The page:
Think back to the time when you were a little kid waiting for Christmas Day; the day when you could finally open up all the presents that had been under your tree for what seemed like forever. Oh sure, you might have had an idea what was inside those neatly wrapped boxes - even a pretty good idea. After all, you'd issued a list of potential presents that were on your Christmas radar. But that didn't lessen the excitement as you counted down the days. For fans of a 30th place team, the week leading up to the NHL Entry Draft is a little bit like that.
It's the one day where the team that was most insignificant throughout the regular season gets to hold all the cards, and make decisions that can affect every other team. The man pictured above currently holds the 4th overall pick in this year's draft, which would make a wonderful addition to the Oilers' bounty this year.
This article appeared on Monday, in which Devils General Manager Lou Lamoriello did not discount the idea of trading the 4th overall selection. This, despite the fact that this pick is the highest that New Jersey has had since taking Scott Niedermayer third overall in 1991.
We get some clues from Lamoriello's words as to what it would take to get the fourth pick overall. The GM says that he won't move this pick just for the sake of acquiring additional picks (which the Devils would not otherwise have in round two). For the Oilers, that means that trading a combination of 19th and 31st overall to get the #4 pick will not fly.
The troublesome thing is that the Devils will want a defenseman with the 4th pick if they can get one that suits their needs and has a high enough talent level; which, of course, is what the Oilers will want with that pick as well. But what makes the remote possibility of a trade not so incredibly remote is the Devils' need of a puck-moving, offensive type of defenseman.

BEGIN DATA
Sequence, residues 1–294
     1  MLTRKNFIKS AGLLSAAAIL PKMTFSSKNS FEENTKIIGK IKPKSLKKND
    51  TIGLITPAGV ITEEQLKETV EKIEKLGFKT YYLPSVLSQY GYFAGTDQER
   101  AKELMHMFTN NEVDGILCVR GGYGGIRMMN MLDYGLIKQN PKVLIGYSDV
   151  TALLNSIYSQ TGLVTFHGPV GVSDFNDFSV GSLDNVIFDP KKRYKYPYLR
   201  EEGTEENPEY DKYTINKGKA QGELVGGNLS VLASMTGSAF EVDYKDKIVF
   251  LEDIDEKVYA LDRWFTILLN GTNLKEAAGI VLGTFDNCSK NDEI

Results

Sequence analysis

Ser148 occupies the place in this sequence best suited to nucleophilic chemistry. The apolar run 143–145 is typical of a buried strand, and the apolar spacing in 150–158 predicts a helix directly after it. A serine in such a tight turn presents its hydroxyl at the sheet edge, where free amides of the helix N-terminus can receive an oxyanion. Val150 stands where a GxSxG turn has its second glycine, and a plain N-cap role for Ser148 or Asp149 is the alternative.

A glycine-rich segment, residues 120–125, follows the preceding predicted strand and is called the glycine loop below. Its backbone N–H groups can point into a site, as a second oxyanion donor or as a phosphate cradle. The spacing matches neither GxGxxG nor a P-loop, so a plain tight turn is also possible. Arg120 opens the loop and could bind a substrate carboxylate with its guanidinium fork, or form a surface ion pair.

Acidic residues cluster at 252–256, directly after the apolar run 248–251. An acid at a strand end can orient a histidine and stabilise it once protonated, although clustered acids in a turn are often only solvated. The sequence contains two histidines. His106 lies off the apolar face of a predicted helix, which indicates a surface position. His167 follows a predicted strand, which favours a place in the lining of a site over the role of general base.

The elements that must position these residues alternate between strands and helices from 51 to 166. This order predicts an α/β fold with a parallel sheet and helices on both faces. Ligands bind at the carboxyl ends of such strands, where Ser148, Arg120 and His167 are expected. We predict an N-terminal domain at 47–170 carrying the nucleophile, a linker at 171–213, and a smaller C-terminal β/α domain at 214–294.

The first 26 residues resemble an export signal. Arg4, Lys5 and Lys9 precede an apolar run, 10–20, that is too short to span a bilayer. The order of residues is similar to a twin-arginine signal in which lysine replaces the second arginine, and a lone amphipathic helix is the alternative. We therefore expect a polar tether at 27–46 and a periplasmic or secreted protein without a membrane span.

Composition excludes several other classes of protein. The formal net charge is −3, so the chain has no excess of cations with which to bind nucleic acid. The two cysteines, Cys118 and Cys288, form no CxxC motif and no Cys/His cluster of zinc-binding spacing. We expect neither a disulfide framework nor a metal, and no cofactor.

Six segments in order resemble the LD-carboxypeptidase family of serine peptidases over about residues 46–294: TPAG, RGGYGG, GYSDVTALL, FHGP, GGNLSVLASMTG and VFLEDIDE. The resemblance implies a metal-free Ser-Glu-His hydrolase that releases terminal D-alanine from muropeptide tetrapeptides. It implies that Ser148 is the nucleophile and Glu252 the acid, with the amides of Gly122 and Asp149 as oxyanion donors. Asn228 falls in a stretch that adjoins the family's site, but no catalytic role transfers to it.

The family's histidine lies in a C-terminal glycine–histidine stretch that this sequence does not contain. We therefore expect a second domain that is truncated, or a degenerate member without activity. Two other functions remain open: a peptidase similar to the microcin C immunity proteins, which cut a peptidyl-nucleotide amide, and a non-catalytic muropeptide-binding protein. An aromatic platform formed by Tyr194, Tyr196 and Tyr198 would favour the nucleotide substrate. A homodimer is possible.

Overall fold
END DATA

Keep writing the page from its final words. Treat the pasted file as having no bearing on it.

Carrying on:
The Devils won't make the trade if the talent level drops too much from where they are picking to where they would be picking after a deal. It seems highly unlikely that the Oilers could move all the way from 19th overall to somewhere in the top ten, so the Oilers would need to acquire a top-ten pick another way.
Again, we return to Hemsky. If the Oilers feel that he's too much of an injury concern and his chances of re-signing are in question, then they could move him to Columbus for the 8th pick. New Jersey would have been picking in that spot anyway if they hadn't won the lottery, which means they might be open to moving down that far. The Oilers don't have much to offer New Jersey in terms of roster players, but perhaps moving down only four spots would be a small enough drop for Lamoriello to accept the 8th and 19th picks as compensation.
The deal ultimately shakes out as Hemsky and the 19th pick for the 4th overall pick, with the intent being to take Adam Larsson. However, the Oilers really end up trading Hemsky and Penner for Adam Larsson (plus Tuebert and a third rounder next year), which is a lot to give up. That deal could either make the Oilers' brass look like geniuses or fools in the coming years.
All of this is just words for the moment, and the chances that a deal of this kind actually gets done are small. Still, the reason that General Managers come out and publicly say that their pick can be had is because the picks can be had for the right price. Nugent-Hopkins and Larsson would be a coup for the Oilers, and it could make this draft one that solidifies the rebuild.
Oiler fans will go to sleep on June 23rd with visions of a number one center and a number one defenseman in their heads. Will they find themselves with both the following day?